Figure 3. Infant mortality rates, by urbanization level and age of mother: United States, 2014


Figure 3 is a bar chart showing the infant mortality rate in rural, small and medium urban, and large urban counties by selected mother's age groups for 2014.

1Significant decreasing linear trend from rural counties to large urban counties (p < 0.05).
NOTES: County designation is based on mother’s county of residence. County classification is based on 2013 NCHS Urban–Rural Classification Scheme for Counties. Access data table for Figure 3.
SOURCE: NCHS, National Vital Statistics System.

Mortality rates were lowest in large urban counties for infants of non-Hispanic white and non-Hispanic black mothers in 2014.

  • For infants of non-Hispanic white mothers, the mortality rate decreased as urbanization level increased; mortality for infants of non-Hispanic white mothers in rural counties (5.95 per 1,000) was 41% higher than in large urban counties (4.21) and 13% higher than in small and medium urban counties (5.28) (Figure 4).
  • For infants of non-Hispanic black mothers, mortality was 16% higher in rural counties (12.08) and 15% higher in small and medium urban counties (11.90) compared with large urban counties (10.39).
  • For infants of Hispanic mothers, the mortality rate was higher in small and medium urban counties (5.32) compared with large urban counties (4.84). While the rate for rural counties (5.32) was similar to the rate for small and medium urban counties, the difference compared with large urban counties was not statistically significant.

Figure 4. Infant mortality rates, by urbanization level and race and Hispanic origin of mother: United States, 2014


Figure 4 is a bar chart showing the infant mortality rate in rural, small and medium urban, and large urban counties by selected mother's race and Hispanic origin in 2014.

1Significantly different from large urban counties (p < 0.05).
2Significant decreasing linear trend from rural counties to large urban counties (p < 0.05).
NOTES: County designation is based on mother’s county of residence. County classification is based on the 2013 NCHS Urban–Rural Classification Scheme for Counties. Access data table for Figure 4.
SOURCE: NCHS, National Vital Statistics System.

Summary

Infant mortality rates varied by urbanization level overall and for key maternal and infant characteristics. For most maternal and infant characteristics, infant mortality rates were higher in rural counties than in large urban counties. These findings add to previous research on infant mortality by using expanded urban categorizations rather than a single urban classification in a rural-urban dichotomy, linked birth and infant death certificate data, and more recent data (3–9).

The findings in this report are consistent with previous research and present new data indicating that small and medium urban county infant mortality rates generally fall between the rates of rural and large urban counties (3,4,6). These findings suggest a general disadvantage in infant survival for rural counties and among certain groups compared with more urbanized areas.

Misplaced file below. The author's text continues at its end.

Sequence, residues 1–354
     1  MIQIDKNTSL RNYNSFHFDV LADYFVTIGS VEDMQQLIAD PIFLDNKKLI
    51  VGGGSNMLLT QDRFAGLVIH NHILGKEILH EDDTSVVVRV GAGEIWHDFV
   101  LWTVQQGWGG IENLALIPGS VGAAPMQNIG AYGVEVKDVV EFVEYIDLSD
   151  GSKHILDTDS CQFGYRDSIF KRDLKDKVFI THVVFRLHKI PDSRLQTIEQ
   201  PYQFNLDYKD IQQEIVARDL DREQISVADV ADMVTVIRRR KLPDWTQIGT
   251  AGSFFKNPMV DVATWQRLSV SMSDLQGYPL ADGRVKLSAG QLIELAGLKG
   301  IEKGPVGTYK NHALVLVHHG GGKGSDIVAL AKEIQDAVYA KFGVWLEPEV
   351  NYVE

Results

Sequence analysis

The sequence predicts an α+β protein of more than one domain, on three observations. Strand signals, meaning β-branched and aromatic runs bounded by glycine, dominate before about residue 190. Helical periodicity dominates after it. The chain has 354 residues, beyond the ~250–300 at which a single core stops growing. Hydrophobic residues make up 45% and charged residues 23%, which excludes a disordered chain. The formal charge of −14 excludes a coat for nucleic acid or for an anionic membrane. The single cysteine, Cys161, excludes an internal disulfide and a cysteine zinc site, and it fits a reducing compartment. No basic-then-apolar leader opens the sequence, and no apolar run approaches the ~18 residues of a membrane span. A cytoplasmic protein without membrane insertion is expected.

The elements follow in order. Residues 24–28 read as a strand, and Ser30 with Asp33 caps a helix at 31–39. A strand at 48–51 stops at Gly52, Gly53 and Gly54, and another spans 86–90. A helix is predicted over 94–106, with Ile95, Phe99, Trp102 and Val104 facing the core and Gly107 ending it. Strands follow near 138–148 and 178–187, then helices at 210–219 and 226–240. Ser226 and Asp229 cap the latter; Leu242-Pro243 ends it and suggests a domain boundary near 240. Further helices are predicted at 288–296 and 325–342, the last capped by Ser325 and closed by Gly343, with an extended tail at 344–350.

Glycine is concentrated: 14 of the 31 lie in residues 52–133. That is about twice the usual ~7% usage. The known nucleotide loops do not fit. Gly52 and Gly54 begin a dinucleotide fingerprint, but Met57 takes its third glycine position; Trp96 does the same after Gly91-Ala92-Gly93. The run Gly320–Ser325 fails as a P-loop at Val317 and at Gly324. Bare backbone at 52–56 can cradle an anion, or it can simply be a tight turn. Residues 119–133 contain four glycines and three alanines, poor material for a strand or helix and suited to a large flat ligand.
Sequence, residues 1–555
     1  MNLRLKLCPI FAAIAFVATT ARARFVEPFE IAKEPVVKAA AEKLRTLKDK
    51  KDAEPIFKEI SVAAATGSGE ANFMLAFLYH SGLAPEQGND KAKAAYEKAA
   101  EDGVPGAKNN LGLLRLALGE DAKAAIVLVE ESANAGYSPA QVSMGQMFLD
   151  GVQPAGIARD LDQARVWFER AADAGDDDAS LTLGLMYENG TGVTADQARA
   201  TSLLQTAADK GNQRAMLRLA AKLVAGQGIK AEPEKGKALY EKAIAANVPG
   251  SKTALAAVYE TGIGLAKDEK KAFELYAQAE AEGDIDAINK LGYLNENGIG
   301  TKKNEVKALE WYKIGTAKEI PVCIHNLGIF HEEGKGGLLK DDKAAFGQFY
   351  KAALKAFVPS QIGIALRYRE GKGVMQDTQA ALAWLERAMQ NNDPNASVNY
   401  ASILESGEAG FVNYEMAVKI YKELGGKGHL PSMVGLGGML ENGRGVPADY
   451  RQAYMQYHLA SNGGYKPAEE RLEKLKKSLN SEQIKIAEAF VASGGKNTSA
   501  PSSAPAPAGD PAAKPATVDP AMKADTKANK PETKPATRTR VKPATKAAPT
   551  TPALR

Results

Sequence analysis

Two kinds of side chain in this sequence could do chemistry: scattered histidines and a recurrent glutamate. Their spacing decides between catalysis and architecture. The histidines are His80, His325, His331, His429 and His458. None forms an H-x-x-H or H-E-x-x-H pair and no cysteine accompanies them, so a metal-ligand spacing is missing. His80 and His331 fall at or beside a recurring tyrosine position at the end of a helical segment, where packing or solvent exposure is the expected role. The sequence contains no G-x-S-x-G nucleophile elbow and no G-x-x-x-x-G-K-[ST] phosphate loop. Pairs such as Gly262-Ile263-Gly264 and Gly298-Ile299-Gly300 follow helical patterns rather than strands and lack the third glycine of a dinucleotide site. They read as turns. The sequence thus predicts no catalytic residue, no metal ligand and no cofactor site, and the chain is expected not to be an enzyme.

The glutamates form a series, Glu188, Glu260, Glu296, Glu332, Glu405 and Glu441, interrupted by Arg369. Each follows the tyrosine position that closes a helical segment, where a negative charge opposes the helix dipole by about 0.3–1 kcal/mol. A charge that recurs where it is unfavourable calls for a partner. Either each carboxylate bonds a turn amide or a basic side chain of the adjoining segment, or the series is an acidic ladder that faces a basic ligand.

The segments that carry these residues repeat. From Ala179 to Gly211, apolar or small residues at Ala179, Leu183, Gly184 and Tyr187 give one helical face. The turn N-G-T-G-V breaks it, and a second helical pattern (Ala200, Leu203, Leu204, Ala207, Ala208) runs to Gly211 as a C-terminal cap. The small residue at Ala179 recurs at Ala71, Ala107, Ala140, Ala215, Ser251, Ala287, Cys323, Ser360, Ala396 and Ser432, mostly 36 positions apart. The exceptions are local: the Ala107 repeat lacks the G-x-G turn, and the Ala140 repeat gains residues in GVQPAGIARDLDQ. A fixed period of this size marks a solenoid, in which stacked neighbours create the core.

Definitions

Infant mortality rate: Number of infant (aged under 1 year) deaths per 1,000 live births.

Neonatal and postneonatal infant deaths: Neonatal infant deaths occur within the first 28 days from birth. Postneonatal infant deaths occur after 28 days from birth to under 1 year of age.

Race and Hispanic origin: Race and Hispanic origin are reported separately on birth certificates. Persons of Hispanic origin may be of any race. Persons of non-Hispanic ancestry are further classified by race because of differences in fertility and maternal characteristics between Hispanic and non-Hispanic persons. Multiple-race data reported were bridged to single-race categories for comparability between states (10).

Urbanization level: County classification as urban or rural is based on the county of maternal residence (5). Counties were classified according to their metropolitan status using the National Center for Health Statistics (NCHS) Urban–Rural Classification Scheme, by merging the county of maternal residence geographic federal information processing standard (FIPS) codes with county-level FIPS codes from the 2013 NCHS Urban–Rural Classification Scheme data set. Metropolitan counties include large central counties, the fringes of large counties (suburbs), medium counties, and small counties. Nonmetropolitan counties include micropolitan statistical areas and noncore areas, including open countryside, rural towns (populations of less than 2,500), and areas with populations of 2,500–49,999 that are not part of larger labor market areas (metropolitan areas). Due to the variation in urban county sizes, urban counties were put into two levels, large (large central and the fringes of large cities) and small and medium (which includes medium and small cities), for comparative purposes in this report. In this report, rural counties include micropolitan and noncore counties.